As I became more used to working with individuals and poetry I began to trust to the poetry happening elsewhere. I had spoken to everybody about writers' notebooks and as time went on all the clients acquired their own notebooks and began to use them, bringing in both bits and pieces or whole poems which we then worked on together in the session- either editorially or therapeutically. Some clients wrote very little, one never brought me her written work but did show some drawings; others wrote a very great deal and I encouraged them to use computers and to build up folders of printed work.

In the last few weeks of the residency I asked some of the people I had been working with if they would like to form a writing group for the last few weeks. This proved successful and had an afterlife when the residency finished.

I had had to lose the idea that there would be a huge production of poetry from everyone or even that there would be any poetry at all. This in itself raised many questions for me, about what poetry actually is. Sylvia Plath once said that poetry was her 'deepest health', Yeats called poetry 'the voice of the soul'. I don t think poetry is only an arrangement of words on paper, nor is it simply the process of making the product but it might be. It has within it a desire for life, a desire to take a route which leads both into the deepest self where soul resides and out again, as the written words, or the experience, engage with the exterior world. There is an essential paradox here - to go within is to be more in the world.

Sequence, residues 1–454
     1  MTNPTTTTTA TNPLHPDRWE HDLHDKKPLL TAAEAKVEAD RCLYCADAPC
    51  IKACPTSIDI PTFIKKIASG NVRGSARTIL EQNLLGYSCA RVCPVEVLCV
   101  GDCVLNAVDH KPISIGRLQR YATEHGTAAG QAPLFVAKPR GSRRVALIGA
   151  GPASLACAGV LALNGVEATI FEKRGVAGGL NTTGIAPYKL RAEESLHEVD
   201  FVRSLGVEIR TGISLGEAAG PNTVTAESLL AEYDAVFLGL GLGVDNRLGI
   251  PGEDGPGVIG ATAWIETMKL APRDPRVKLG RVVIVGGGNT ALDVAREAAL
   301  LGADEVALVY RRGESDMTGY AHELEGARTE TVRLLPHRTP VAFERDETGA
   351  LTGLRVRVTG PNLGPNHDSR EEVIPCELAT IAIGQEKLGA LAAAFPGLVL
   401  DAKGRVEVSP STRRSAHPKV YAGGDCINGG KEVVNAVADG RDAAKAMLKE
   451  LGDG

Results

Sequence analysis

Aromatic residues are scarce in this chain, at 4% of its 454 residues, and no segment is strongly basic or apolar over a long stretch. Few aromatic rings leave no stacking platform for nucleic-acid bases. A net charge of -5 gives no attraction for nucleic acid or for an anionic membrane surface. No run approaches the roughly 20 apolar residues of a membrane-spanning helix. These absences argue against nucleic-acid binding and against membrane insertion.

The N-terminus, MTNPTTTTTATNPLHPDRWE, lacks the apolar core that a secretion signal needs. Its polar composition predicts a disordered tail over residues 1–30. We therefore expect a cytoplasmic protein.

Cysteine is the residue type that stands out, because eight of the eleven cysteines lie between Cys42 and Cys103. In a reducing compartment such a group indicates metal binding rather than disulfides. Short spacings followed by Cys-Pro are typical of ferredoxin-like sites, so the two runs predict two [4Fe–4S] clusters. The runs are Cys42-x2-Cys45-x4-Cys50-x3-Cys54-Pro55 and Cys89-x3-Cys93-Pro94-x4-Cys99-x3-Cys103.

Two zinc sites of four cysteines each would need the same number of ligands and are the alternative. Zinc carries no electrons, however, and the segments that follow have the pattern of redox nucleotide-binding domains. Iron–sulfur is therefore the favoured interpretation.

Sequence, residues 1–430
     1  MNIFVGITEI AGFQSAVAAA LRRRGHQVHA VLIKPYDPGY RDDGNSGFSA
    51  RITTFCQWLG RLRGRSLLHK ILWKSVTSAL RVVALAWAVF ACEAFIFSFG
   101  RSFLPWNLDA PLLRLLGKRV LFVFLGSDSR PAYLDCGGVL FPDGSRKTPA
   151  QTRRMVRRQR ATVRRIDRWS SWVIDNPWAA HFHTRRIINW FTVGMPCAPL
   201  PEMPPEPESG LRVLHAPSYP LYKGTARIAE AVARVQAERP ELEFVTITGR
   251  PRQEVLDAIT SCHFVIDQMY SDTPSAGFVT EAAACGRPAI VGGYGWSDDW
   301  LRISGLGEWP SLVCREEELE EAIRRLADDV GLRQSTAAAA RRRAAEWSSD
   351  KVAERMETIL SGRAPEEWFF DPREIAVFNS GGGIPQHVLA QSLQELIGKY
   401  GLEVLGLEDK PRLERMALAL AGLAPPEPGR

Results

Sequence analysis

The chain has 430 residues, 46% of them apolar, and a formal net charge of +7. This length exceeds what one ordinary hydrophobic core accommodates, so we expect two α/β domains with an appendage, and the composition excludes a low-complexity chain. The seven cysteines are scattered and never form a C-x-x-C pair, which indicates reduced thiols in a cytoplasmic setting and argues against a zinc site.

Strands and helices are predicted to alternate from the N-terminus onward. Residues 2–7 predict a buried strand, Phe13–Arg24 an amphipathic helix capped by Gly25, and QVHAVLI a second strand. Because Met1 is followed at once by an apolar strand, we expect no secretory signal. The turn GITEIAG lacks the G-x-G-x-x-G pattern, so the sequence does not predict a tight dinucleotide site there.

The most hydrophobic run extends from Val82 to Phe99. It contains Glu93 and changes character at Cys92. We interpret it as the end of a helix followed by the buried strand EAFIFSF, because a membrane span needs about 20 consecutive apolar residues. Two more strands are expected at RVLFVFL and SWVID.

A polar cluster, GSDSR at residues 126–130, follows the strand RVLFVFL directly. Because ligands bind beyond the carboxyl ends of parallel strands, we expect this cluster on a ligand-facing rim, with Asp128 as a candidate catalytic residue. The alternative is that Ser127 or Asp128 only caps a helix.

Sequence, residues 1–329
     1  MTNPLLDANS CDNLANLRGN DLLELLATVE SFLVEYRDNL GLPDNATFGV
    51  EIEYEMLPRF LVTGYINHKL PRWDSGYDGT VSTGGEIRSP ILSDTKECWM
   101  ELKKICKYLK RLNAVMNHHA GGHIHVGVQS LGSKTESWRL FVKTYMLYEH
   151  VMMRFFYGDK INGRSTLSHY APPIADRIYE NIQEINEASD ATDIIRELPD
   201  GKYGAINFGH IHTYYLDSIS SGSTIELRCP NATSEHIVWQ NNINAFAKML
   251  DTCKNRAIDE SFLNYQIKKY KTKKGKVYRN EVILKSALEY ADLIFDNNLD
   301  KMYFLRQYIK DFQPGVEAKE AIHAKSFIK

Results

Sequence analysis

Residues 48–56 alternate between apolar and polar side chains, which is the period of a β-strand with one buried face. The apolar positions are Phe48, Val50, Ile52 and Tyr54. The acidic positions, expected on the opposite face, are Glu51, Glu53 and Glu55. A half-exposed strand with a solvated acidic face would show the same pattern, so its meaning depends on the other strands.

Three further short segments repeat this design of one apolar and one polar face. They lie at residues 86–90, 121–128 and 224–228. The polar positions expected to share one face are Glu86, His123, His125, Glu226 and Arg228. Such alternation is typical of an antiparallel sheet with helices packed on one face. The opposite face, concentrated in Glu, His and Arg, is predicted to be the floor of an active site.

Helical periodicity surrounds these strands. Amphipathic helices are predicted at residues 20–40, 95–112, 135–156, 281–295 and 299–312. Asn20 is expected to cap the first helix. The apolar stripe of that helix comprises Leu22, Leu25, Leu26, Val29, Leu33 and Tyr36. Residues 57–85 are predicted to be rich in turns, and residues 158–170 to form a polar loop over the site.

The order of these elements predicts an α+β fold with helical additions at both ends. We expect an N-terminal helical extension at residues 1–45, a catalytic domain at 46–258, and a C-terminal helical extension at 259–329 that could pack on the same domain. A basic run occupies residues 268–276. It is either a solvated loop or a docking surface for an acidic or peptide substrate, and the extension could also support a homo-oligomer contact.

I have been asked if the residency was a success. 'Success' is a difficult word to evaluate. Some of the long term patients are still seeing their doctor just as frequently, yet they seem 'different' in their mood, perhaps a little happier. Others are no longer on medication. Certainly the patient's evaluation sheets and letters reflected enthusiasm.

It would seem to me that these sessions could benefit so many people. To write your feelings down on paper and then read it later can give you so much information about yourself.... If these sessions could run in Doctor's surgeries and hospitals they could be an extension of treatment.

- Rose Flint